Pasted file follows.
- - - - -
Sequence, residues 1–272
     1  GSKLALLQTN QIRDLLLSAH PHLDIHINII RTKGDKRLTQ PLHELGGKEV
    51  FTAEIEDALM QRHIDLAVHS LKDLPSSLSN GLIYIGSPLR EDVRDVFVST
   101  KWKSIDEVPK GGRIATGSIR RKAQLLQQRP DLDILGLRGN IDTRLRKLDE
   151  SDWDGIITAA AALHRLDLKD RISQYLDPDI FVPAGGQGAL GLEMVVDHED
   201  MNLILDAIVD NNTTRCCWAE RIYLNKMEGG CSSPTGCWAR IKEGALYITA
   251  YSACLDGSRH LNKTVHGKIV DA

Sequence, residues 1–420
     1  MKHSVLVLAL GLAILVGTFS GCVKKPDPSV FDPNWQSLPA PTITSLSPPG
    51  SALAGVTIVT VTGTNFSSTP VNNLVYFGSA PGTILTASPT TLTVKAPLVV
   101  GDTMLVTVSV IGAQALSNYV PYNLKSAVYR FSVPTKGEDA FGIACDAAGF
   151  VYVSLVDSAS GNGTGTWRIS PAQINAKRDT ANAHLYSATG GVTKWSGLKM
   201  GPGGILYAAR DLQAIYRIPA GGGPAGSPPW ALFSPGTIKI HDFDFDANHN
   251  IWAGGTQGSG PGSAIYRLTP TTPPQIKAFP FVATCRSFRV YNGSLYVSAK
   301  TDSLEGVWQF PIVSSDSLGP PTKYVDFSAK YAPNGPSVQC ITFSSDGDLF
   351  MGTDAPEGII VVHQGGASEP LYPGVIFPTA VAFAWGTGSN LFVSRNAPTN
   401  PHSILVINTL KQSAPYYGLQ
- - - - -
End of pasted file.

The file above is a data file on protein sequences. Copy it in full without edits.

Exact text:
Sequence, residues 1–272
     1  GSKLALLQTN QIRDLLLSAH PHLDIHINII RTKGDKRLTQ PLHELGGKEV
    51  FTAEIEDALM QRHIDLAVHS LKDLPSSLSN GLIYIGSPLR EDVRDVFVST
   101  KWKSIDEVPK GGRIATGSIR RKAQLLQQRP DLDILGLRGN IDTRLRKLDE
   151  SDWDGIITAA AALHRLDLKD RISQYLDPDI FVPAGGQGAL GLEMVVDHED
   201  MNLILDAIVD NNTTRCCWAE RIYLNKMEGG CSSPTGCWAR IKEGALYITA
   251  YSACLDGSRH LNKTVHGKIV DA

Sequence, residues 1–420
     1  MKHSVLVLAL GLAILVGTFS GCVKKPDPSV FDPNWQSLPA PTITSLSPPG
    51  SALAGVTIVT VTGTNFSSTP VNNLVYFGSA PGTILTASPT TLTVKAPLVV
   101  GDTMLVTVSV IGAQALSNYV PYNLKSAVYR FSVPTKGEDA FGIACDAAGF
   151  VYVSLVDSAS GNGTGTWRIS PAQINAKRDT ANAHLYSATG GVTKWSGLKM
   201  GPGGILYAAR DLQAIYRIPA GGGPAGSPPW ALFSPGTIKI HDFDFDANHN
   251  IWAGGTQGSG PGSAIYRLTP TTPPQIKAFP FVATCRSFRV YNGSLYVSAK
   301  TDSLEGVWQF PIVSSDSLGP PTKYVDFSAK YAPNGPSVQC ITFSSDGDLF
   351  MGTDAPEGII VVHQGGASEP LYPGVIFPTA VAFAWGTGSN LFVSRNAPTN
   401  PHSILVINTL KQSAPYYGLQ